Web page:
|The Crown of Embers by Rae Carson
Release Date: September 18, 2012
Publisher: Greenwillow Books
Source: Personal Copy
Buy It: Amazon
|In the sequel to the acclaimed The Girl of Fire and Thorns, a seventeen-year-old princess turned war queen faces sorcery, adventure, untold power, and romance as she fulfills her epic destiny.
Elisa is the hero of her country. She led her people to victory against a terrifying enemy, and now she is their queen. But she is only seventeen years old. Her rivals may have simply retreated, choosing stealth over battle. And no one within her court trusts her-except Hector, the commander of the royal guard, and her companions. As the country begins to crumble beneath her and her enemies emerge from the shadows, Elisa will take another journey. With a one-eyed warrior, a loyal friend, an enemy defector, and the man she is falling in love with, Elisa crosses the ocean in search of the perilous, uncharted, and mythical source of the Godstone’s power. That is not all she finds. A breathtaking, romantic, and dangerous second volume in the Fire and Thorns trilogy.
There’s so much to say about this book. SO MUCH. I adored the first one. There was love and magic and blood and guts plus Elisa is just a total badass. To say I was excited for The Crown of Embers to come out is an understatement. And it definitely lived up to all my expectations. Even after all the heartbreak of the first novel, this one had so much more to deliver. We find out more about the Godstones and Elisa’s purpose. Elisa is the queen of Joy d’Arena! The Inviernos have retreated and all is well. Right? Sort of.
Okay, so I think this has become my biggest pet peeve when it comes to series – but authors need to rehash what happened in previous books at least a little bit. Some authors get it right – Richelle Mead does this perfectly in her Vampire Academy series – some go over it took much and some not enough. Carson falls into the not enough category. Although I adored the first novel, a lot happened in it and I couldn’t remember everything! I would have been satisfied if she gave us something at the very beginning, but she gave us next to nothing. This is seriously my only complaint about the book, but I feel like if I read the two back-to-back now, I will understand so much more from the second one that I might have just missed because I didn’t remember.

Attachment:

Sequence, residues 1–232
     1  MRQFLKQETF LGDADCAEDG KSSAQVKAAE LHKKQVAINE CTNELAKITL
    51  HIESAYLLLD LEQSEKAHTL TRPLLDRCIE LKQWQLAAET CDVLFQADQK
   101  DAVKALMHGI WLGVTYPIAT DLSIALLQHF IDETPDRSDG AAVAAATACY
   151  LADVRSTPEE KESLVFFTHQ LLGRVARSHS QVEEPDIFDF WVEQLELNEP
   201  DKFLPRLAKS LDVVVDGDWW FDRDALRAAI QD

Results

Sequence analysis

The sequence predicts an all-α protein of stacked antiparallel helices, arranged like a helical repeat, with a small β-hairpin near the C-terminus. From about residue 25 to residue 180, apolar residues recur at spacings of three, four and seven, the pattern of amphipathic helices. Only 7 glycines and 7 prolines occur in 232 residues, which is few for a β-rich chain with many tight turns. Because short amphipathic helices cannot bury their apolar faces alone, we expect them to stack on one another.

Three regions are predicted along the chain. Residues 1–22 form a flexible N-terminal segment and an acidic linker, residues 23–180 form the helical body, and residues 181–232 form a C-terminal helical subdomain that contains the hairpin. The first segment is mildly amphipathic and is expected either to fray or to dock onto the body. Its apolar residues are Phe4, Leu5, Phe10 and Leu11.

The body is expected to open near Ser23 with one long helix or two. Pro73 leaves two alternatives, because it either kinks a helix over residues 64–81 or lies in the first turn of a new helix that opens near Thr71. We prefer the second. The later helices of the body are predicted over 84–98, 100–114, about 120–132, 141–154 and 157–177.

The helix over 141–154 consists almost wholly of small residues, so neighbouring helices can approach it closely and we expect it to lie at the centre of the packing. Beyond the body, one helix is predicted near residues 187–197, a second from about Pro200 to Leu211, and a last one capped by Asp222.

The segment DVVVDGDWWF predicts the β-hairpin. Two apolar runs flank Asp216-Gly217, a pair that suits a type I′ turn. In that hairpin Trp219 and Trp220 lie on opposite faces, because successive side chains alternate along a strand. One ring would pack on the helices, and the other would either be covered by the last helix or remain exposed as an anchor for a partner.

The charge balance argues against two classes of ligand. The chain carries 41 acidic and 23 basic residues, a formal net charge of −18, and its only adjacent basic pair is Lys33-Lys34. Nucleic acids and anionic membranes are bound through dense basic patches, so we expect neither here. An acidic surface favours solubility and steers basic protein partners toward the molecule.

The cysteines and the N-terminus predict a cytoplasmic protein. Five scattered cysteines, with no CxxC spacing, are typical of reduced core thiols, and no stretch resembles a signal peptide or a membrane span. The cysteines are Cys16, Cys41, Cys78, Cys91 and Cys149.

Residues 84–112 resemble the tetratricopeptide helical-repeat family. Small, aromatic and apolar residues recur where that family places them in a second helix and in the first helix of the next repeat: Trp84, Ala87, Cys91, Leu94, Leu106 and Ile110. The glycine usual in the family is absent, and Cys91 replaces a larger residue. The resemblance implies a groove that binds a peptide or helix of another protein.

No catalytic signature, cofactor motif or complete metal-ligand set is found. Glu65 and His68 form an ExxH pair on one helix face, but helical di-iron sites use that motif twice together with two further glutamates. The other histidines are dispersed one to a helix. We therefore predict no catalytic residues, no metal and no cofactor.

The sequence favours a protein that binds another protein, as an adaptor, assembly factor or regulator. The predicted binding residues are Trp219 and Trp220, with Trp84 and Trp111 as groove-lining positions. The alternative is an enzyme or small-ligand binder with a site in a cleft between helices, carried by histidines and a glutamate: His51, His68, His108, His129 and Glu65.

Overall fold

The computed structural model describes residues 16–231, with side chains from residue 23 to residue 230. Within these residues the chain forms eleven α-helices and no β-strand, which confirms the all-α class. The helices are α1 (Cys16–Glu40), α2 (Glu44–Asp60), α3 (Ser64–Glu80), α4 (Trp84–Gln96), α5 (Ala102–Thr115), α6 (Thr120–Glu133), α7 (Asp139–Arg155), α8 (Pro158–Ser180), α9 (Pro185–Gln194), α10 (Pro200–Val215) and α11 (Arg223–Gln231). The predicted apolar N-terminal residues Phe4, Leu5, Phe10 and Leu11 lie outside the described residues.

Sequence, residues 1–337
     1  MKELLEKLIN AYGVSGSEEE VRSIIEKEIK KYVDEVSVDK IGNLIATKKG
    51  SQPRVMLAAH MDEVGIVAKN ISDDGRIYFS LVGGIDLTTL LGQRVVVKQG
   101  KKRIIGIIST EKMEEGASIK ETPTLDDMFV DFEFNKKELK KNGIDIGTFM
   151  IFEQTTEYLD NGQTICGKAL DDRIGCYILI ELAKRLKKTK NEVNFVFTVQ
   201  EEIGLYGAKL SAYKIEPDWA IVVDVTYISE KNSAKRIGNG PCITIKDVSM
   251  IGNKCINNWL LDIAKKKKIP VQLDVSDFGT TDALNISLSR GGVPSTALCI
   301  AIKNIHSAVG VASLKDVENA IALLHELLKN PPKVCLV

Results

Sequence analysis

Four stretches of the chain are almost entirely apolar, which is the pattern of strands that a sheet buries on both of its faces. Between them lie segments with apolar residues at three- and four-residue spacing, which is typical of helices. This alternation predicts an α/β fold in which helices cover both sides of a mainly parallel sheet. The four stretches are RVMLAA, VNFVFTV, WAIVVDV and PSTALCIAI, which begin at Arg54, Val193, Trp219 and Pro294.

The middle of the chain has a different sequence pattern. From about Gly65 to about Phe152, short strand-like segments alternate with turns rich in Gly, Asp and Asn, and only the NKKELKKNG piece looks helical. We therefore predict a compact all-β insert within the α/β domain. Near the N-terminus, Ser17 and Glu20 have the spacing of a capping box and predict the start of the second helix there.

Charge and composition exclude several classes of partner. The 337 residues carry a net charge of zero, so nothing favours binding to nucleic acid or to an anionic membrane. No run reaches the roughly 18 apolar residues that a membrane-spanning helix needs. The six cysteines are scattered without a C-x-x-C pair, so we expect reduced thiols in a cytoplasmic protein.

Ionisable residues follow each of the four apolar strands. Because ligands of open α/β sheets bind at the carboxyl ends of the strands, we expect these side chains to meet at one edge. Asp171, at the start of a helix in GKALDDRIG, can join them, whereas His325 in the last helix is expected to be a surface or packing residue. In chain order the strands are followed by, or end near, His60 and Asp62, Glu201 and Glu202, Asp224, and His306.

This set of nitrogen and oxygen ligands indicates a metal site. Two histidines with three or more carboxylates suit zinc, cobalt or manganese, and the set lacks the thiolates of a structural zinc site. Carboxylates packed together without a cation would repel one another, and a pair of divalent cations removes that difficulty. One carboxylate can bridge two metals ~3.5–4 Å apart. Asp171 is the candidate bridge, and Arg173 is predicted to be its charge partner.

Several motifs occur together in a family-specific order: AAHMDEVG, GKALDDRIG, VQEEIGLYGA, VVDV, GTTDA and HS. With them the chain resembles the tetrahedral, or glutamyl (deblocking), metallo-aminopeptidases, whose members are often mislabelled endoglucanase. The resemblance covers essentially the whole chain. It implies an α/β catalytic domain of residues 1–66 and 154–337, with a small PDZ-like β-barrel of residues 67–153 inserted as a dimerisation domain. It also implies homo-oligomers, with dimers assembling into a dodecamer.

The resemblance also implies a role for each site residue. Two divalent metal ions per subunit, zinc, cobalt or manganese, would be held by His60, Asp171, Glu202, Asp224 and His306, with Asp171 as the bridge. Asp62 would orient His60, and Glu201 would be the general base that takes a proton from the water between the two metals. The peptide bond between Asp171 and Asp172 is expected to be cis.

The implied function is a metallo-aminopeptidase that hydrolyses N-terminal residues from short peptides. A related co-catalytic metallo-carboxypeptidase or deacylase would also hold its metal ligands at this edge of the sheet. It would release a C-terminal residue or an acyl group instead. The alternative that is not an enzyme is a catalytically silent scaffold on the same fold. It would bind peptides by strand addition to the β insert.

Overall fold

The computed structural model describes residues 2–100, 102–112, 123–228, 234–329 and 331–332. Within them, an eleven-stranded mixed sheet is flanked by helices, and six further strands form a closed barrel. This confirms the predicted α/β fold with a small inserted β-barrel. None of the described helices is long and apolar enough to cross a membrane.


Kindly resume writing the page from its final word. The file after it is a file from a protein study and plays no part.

That said, there was nothing else about this book that I didn’t love. We get a new love interest for Elisa – remember the last ones all died in the war with the Inviernos – in Hector and I FELL IN LOVE WITH HIM. I loved the first book – I did – but I didn’t love either of the love interests that were obvious for Elisa, Humberto and Alejandro. Humberto I mostly couldn’t get behind because of his name. Sorry, Berto. He’s dead now though and Elisa is growing up and moving on! Hector is part of the Royal Guard and is usually Elisa’s personal guard and things just…blossom. And it’s so wonderful because Carson writes their budding relationship so well. And because Elisa is a queen, of a downtrodden country to boot, there are politics involved in romance! It’s even more intriguing to me than it might have been without that little bonus. It’s fantastic. There were a few scenes that tore my heart to shreds (and by a few I mean a lot) but I was still so happy at the end of the book. While the romance is an important part of the plot, there’s also other things going on and Carson didn’t let us forget that. Hector and Elisa simply can’t be together. That’s too easy. But obviously the reasons they can’t be together are totally justifiable and the end will have you all waiting for the next one, just like I am. I can’t say much more than that. I’ve written so much about this couple without even saying much so let me finish by just saying this – Hector takes an arrow for Elisa. It’s a great scene. Remember it when you read.
As far as the rest of the story goes, it’s magnificent. Truly. There are new characters and old ones. New enemies and old ones. A lot of the issues that became apparent in the first novel are still present in The Crown of Embers, but it definitely has its own plot. This is not a filler novel by any means. Things happen. There’s a caravan with a fake queen, a hurricane, a secret island, a temple covered in Godstones. It’s just…fantastic. I read an article recently where Carson said that her first agent for the series tried to sell the book as adult fantasy instead of young adult and I can see why. I’m glad it’s YA – I might not have read otherwise – but this isn’t a throw away series. It’s a great coming of age story not only about Elisa but about the country she reigns over. I hate to make comparisons because there are so many elite novels and series in the fantasy genre these days, but it has that epic tale feeling of stories like The Lord of the Rings and Game of Thrones. But better because it’s YA and there’s a lot of lurrrrve. In case my ridiculously long review didn’t give you a hint – go get this book! (And The Girl of Fire and Thorns if you haven’t read that!)